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Cosmetic Palette in the Form of a Fish

Alkotói korszak
Place of production Egypt
Date 3200–3000 B.C.
Object type implements and utensils
Medium, technique Mudstone

22 x 12.2 x 0.5 cm

Inventory number 60.4-E
Collection Egyptian Art
On view Museum of Fine Arts, Basement Floor, Ancient Egypt, Daily life

The use of eye paints was especially common not only for women but also for men in order to enhance their beauty and to protect their users against the harmful rays of the sun and various eye diseases.
Typical artefacts of the predynastic material culture are the cosmetic palettes, used for grinding the raw materials for eye paints (malachite and galena) and for mixing them with animal fat, oil or resin. Depressions, grinding traces and pigments on the surfaces of the palettes clearly refer to this kind of use. The flat palettes were made of stone, generally of slate, as in the case of this palette, but limestone, granite or alabaster pieces are also well known.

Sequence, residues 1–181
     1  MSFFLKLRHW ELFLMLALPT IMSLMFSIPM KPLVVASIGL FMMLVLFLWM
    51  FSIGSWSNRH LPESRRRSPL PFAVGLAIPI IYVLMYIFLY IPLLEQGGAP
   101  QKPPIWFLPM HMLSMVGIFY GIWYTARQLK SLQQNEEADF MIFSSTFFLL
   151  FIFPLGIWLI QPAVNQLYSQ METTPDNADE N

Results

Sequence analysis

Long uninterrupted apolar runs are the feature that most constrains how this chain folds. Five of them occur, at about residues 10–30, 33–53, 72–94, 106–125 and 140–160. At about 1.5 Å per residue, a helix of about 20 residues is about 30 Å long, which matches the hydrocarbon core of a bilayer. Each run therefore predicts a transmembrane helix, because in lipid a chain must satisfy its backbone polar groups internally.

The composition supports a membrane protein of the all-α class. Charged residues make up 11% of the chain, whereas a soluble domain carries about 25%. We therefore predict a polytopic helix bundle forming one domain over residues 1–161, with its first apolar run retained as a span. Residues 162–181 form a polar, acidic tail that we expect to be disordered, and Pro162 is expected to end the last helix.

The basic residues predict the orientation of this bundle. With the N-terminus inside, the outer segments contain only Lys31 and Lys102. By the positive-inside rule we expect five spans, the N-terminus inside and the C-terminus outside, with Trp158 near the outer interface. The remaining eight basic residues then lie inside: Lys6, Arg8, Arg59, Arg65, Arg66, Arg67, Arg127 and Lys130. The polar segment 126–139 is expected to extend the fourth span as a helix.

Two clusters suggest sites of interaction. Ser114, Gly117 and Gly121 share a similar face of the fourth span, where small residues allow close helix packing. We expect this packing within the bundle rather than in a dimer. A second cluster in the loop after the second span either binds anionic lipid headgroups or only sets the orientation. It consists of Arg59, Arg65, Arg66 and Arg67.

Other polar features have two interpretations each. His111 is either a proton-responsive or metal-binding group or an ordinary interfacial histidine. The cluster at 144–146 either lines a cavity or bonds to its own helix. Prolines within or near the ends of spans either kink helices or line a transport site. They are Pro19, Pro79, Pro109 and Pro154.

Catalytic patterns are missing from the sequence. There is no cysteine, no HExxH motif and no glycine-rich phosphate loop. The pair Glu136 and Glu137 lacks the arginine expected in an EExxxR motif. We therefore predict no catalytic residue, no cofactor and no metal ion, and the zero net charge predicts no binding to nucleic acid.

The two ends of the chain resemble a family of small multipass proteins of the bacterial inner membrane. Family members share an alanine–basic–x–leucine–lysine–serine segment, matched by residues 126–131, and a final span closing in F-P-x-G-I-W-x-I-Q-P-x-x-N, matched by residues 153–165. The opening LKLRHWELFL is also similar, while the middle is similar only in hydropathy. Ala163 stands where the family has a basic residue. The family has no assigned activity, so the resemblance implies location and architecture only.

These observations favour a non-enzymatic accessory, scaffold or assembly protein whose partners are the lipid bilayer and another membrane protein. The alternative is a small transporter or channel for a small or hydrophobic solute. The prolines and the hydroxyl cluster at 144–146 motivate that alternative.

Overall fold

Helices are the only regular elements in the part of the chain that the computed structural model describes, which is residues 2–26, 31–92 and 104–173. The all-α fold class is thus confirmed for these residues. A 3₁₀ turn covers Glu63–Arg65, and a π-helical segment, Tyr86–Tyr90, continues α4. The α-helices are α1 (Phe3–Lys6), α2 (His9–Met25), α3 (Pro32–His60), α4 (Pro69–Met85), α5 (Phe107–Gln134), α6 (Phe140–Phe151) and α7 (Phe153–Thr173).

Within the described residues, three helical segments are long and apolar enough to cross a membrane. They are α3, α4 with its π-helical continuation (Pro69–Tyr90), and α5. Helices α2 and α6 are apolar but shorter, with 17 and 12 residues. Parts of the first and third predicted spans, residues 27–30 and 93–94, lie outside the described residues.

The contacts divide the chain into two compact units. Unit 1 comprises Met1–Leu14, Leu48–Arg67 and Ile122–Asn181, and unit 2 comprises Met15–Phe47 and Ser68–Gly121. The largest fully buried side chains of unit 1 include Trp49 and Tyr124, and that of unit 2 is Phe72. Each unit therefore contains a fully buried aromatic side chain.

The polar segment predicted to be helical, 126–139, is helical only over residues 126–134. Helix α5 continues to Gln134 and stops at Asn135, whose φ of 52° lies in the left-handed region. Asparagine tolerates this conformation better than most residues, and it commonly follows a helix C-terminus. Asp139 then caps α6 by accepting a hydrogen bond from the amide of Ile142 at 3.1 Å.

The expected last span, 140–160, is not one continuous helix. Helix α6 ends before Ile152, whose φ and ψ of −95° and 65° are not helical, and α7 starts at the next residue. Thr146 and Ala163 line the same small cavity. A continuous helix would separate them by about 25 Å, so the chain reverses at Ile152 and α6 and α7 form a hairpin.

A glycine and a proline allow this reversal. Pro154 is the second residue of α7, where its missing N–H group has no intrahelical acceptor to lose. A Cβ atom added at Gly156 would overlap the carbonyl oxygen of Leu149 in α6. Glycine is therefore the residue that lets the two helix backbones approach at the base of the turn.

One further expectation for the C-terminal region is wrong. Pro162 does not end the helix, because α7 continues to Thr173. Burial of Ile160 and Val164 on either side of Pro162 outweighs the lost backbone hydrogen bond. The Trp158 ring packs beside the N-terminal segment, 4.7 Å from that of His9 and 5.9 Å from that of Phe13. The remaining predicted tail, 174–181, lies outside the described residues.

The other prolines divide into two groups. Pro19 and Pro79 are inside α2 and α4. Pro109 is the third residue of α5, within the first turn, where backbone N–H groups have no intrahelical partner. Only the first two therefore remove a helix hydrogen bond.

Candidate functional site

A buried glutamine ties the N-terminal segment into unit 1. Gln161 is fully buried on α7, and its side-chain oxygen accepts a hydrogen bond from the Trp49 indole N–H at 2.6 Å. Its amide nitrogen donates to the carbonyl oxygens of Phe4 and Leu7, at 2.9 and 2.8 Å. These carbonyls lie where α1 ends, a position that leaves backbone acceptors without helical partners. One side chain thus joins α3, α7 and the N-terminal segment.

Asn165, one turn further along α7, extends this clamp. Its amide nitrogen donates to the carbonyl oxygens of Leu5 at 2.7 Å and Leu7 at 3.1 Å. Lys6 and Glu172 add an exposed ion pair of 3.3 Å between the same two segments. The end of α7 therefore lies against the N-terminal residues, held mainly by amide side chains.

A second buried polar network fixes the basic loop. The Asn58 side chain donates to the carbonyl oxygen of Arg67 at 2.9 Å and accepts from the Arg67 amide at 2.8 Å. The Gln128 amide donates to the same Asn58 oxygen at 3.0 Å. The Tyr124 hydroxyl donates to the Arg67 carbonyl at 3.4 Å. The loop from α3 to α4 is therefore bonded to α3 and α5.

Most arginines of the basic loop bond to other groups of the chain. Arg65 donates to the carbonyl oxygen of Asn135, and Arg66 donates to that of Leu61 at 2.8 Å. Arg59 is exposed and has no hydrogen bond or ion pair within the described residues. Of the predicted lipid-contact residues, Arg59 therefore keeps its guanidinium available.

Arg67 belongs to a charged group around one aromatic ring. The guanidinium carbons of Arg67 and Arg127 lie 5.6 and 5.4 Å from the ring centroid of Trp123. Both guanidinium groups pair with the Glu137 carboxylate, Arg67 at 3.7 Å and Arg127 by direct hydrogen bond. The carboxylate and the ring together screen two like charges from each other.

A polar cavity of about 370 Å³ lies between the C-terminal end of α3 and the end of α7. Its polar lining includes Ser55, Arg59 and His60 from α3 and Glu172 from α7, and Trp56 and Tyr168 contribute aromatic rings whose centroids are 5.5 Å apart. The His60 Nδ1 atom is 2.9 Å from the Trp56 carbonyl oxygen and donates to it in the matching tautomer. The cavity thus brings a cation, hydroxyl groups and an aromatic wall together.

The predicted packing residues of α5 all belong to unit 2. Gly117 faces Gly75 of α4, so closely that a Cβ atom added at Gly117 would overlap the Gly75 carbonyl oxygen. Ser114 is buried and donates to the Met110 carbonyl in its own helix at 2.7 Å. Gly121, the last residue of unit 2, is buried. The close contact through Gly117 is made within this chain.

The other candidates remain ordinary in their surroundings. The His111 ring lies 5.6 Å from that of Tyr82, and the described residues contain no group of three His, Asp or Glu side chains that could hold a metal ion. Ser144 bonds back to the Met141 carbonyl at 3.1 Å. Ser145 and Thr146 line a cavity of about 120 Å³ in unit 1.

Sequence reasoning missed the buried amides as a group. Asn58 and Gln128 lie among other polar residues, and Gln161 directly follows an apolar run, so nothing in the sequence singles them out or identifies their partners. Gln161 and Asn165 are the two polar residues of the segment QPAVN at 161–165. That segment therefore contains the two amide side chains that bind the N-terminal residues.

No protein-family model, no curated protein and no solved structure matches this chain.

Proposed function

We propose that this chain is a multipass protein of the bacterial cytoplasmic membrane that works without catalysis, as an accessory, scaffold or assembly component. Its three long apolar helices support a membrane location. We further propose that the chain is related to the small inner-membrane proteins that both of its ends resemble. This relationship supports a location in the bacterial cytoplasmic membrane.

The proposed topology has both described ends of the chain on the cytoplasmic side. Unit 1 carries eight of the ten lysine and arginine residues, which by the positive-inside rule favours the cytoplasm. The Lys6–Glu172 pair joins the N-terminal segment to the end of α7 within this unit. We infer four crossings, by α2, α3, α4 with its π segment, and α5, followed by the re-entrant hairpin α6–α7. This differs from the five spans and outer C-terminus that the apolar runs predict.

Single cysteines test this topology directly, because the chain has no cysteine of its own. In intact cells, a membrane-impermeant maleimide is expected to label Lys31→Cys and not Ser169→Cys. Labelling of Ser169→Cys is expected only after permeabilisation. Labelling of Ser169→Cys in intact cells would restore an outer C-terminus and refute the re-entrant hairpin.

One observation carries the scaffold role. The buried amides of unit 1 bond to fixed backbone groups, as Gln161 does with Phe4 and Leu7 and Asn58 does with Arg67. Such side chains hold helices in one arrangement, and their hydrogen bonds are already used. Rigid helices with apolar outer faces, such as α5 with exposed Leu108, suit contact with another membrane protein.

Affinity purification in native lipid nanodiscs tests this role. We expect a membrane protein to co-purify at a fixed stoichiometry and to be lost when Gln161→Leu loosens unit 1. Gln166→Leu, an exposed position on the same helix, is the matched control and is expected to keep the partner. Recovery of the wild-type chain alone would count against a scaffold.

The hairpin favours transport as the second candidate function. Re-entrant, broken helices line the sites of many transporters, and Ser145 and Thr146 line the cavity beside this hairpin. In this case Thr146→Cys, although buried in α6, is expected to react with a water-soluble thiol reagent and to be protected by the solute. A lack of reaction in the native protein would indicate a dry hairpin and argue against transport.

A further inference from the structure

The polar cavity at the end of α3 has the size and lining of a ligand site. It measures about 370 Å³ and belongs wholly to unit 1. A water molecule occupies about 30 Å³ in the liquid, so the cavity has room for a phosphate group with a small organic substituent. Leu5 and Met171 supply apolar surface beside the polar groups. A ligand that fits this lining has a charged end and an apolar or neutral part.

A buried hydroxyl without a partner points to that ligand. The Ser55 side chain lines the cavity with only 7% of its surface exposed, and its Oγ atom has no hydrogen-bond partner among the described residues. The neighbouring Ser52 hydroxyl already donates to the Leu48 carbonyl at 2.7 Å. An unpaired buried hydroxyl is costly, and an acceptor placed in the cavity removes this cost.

The evolution of the cosmetic palettes can be best followed by the changing of their form. The most spectacular group of undecorated palettes consists of the theriomorphic pieces, which appeared in the material culture at the end of the Amratian phase of the Naqada culture (Ic), mainly in the form of turtles and fish. The present palette is a later version of the fish form type, with an almost straight bottom line, its emphasised dorsal fin resembling the natural fin. These palettes usually represent the so-called bulti fish, which was generally used as the symbol of rebirth and fertility.

This record is subject to revision due to ongoing research.

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